The volume lifted Weaver into a whole new world. He was no longer an obscure college professor, but now a spokesman for a new intellectual movement in the country. During the 1950s he lectured widely and wrote on a regular basis for National Review and Modern Age. Times were much different, then. Conservatives still hoped to roll back the New Deal. They were anticommunist, but many were also uneasy about the idea of an American Empire. Conservatives uniformly opposed the revolutionary jurisprudence of the Warren Supreme Court. The thought that such statists as Franklin Roosevelt and Harry Truman would eventually become conservative heroes appalled surviving remnants of the 1950s Old Right.
    And so, we might ask, how goes the struggle today? Well, as the conservative movement has grown in strength, so has feuding between its different factions. In this decade, the Old Right that Weaver helped to found has resurrected itself as articulate opponents of the entire globalist agenda, specifically open immigration, free trade and an interventionist foreign policy. This has been such a feisty counterrevolution that its enemies, especially on the establishment Right, have sought to destroy the careers of its leading figures. Most notable was the unprecedented media assault against Pat Buchanan after he won the 1996 New Hampshire presidential primary.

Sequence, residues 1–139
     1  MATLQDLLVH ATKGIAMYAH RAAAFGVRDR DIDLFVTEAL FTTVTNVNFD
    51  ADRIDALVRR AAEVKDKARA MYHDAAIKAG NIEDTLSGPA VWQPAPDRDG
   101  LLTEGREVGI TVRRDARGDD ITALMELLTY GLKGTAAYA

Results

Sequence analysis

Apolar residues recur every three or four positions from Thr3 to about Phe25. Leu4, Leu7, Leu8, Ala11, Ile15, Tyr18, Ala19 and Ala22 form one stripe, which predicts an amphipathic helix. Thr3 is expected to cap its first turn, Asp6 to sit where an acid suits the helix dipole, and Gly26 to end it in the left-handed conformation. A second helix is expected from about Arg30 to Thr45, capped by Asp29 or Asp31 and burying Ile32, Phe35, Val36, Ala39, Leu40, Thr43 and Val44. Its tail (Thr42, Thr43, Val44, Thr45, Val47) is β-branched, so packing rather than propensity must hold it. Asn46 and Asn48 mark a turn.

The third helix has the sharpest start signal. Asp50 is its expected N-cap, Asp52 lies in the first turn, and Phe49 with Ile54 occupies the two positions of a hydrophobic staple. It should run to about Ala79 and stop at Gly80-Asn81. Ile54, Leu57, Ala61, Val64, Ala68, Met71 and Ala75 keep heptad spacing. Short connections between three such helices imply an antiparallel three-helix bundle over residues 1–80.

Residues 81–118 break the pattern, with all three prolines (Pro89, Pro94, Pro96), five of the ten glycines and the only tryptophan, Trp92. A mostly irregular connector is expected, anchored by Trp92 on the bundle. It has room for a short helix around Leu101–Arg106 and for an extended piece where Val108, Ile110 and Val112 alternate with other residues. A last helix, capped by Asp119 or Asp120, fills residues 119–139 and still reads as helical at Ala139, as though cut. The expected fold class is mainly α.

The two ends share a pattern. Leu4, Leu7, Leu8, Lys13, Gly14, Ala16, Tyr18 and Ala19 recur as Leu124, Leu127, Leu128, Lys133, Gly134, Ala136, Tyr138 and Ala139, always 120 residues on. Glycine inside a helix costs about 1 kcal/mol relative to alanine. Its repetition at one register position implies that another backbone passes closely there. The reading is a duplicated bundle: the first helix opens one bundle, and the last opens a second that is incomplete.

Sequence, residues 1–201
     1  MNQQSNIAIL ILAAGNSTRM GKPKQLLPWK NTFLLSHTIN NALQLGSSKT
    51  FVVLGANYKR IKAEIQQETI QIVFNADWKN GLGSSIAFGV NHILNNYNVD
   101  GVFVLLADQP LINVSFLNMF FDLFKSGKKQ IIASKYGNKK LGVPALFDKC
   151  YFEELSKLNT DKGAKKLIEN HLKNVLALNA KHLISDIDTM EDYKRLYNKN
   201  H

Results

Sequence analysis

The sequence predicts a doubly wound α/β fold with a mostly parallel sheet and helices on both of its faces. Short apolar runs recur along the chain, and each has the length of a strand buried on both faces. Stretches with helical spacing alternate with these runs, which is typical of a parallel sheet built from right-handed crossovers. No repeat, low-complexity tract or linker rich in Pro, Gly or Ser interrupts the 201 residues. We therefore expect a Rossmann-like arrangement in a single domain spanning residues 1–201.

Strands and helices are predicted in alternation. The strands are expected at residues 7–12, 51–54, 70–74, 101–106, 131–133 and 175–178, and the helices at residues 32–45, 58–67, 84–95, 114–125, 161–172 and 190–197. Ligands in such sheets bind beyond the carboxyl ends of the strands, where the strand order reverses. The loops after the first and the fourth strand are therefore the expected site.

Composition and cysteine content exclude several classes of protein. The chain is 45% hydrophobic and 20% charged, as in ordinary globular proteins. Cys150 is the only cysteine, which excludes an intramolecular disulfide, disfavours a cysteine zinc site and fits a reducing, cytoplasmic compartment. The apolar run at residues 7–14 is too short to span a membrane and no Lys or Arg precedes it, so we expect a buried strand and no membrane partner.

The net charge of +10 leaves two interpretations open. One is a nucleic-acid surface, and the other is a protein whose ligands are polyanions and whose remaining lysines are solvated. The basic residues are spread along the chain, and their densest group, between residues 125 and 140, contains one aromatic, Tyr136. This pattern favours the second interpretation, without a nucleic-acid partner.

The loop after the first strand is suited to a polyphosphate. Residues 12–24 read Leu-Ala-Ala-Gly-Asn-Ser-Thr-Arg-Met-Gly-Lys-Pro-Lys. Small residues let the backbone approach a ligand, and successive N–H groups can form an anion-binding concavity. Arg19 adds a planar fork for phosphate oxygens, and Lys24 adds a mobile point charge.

Weaver had his own bouts with the high priests of political correctness. Back in the 1950s, the people at Chicago were not happy with the publicity Weaver's writing was bringing to their institution. With Ideas Have Consequences and Frederick Hayek's Road to Serfdom, Chicago was acquiring a reputation for publishing reactionary texts. When Weaver won the schools' annual Quantrell Award for teaching excellence, a dean told him, ‘Weaver, I hope you take the money and go somewhere else!’ Indeed, Chicago would publish no more Weaver volumes. After W.T. Couch, Weaver's fellow North Carolinian left the university press, the author went to Regnery to bring out The Ethics of Rhetoric.
    The people at Chicago were right to fear Richard Weaver. Like all great 20th century literary figures, he was a high reactionary against the massive efforts to dehumanize man and destroy ancient pieties. What Weaver had to say about man's nature, that his life is a grand struggle where his soul was at stake; what he said about culture, that it is something more satisfying to us than anything the political state might construct, remains permanent and enduring. His work remains one of our great treasures as the culture wars move into the next century.

    Joe Scotchie is a League of the South member, and author of Barbarians In the Saddle-an Intellectual Biography of Richard Weaver, The Paleoconservatives, The Vision of Richard Weaver,and Thomas Wolfe Revisited.